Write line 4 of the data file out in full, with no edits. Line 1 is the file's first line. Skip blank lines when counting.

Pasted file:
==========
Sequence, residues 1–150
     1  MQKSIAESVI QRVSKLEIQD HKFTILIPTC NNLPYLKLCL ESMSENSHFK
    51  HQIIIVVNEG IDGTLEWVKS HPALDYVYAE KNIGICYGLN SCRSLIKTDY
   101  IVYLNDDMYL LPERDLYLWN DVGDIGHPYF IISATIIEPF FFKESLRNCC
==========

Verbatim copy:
   101  IVYLNDDMYL LPERDLYLWN DVGDIGHPYF IISATIIEPF FFKESLRNCC